My weekend was filled with sunshine. My sisters, mom, niece, nephew and I spend Saturday on the beach enjoying the sun and sand and surf. The babies had so much fun splashing their toes in the clear blue water, giggled as it washed up over their legs. They also loved digging in the sand and building sand castles.
Sunday I took myself on a solo hike and run through a local trail.
We’re definitely in the Spring of things, with sunny days on the horizon (no surprise, really, in California).
What Iâ€™m Reading
In my project of making up for missed childhood reading, I’m following up Anne of Green Gables with Are You There God? It’s Me, Margaret by Judy Blume. I’m only a chapter in, so I don’t have a ton of thoughts as of yet, but I’m sure I will.
Also reading the 2016 Rhysling Anthology, so that I can make my votes soon.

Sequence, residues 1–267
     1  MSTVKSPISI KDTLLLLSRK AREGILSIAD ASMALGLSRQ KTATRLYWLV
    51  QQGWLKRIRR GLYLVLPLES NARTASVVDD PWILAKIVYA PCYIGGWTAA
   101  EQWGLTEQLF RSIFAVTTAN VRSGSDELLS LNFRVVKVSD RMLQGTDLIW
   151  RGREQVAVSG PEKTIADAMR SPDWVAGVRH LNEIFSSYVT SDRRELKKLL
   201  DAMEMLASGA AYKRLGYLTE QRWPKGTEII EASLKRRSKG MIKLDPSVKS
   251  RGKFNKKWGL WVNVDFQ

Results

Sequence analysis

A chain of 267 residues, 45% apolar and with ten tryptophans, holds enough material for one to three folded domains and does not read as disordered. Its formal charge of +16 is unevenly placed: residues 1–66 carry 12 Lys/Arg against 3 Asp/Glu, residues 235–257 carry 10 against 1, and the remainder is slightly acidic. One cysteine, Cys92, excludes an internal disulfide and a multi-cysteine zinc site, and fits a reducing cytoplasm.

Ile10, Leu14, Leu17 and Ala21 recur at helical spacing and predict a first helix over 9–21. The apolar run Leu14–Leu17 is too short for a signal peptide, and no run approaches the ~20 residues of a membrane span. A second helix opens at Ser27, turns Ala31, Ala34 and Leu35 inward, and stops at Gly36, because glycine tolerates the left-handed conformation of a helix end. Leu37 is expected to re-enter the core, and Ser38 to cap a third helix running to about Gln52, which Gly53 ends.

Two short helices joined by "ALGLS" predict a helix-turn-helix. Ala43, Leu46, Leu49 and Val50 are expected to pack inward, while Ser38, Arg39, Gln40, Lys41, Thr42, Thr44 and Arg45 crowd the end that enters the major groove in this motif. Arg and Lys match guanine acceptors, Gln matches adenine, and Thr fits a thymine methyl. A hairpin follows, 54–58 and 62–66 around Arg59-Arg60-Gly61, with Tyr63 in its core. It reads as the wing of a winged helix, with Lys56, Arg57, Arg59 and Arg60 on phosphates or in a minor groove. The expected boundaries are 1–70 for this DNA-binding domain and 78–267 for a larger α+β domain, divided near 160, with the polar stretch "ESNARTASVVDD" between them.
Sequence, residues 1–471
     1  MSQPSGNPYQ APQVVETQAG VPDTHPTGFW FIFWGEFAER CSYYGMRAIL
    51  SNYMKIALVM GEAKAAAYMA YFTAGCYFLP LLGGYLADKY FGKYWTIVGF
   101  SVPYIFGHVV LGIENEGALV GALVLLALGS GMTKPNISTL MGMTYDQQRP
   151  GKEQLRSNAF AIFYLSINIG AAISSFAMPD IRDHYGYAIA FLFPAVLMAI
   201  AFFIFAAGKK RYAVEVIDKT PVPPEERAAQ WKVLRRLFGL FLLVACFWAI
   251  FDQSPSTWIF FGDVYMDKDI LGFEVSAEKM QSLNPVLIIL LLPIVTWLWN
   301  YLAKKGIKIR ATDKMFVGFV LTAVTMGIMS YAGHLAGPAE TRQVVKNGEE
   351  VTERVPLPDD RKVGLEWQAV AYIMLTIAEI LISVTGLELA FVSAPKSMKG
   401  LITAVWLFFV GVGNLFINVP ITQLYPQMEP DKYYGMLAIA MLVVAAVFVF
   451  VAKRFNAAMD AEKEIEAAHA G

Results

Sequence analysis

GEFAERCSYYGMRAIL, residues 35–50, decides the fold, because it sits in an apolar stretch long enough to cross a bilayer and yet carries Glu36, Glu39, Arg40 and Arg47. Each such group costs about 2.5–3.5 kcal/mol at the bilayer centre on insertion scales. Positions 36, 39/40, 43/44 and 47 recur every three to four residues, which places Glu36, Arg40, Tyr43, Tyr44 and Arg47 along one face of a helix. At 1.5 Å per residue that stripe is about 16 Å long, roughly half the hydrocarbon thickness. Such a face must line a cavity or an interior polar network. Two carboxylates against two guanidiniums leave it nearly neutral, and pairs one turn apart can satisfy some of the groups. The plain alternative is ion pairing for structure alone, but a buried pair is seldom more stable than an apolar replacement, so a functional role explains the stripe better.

What Iâ€™mÂ Writing
Work on the 30/30 poems is ongoing. I do a substantial edit of about one poem at a time, followed by a re-exmination of one of the previously edited poems.
One the whole, I still have so many doubts about these poems. But I’m trying to just trust my original gut feeling. I try to focus on the spark inspired me to go in that direction in the first place and to move in that direction with my edits.
Goals for the Week:
- Continue editing the 30/30 poetry collection.
- Submit a set of poems for publication
“The fact that â€œThe Little Mermaidâ€ revolves around the silence of its heroine speaks to the political situation of the era. In some ways, the 1830s in Europe marked an â€œenlightenmentâ€ period for gay activism,” writes Maddy Myers on Queer Subtext in The Little Mermaid, From Hans Christian Andersenâ€™s Original to Disneyâ€™s Adaptation.
Rose Hackman on how women are pushed to de-escalate sexist incidents.
In The Secret to Reviewing Mediocre Movies, Jacob Oller writes, “Each review should be something Iâ€™m proud to publish or at least contain something Iâ€™m proud to publish.,” which also applies to the wider world of writing in that we should all be writing something we’re proud to publish.
A Strange Horizons survey shows that sci-fi media coverage is still dominated by men.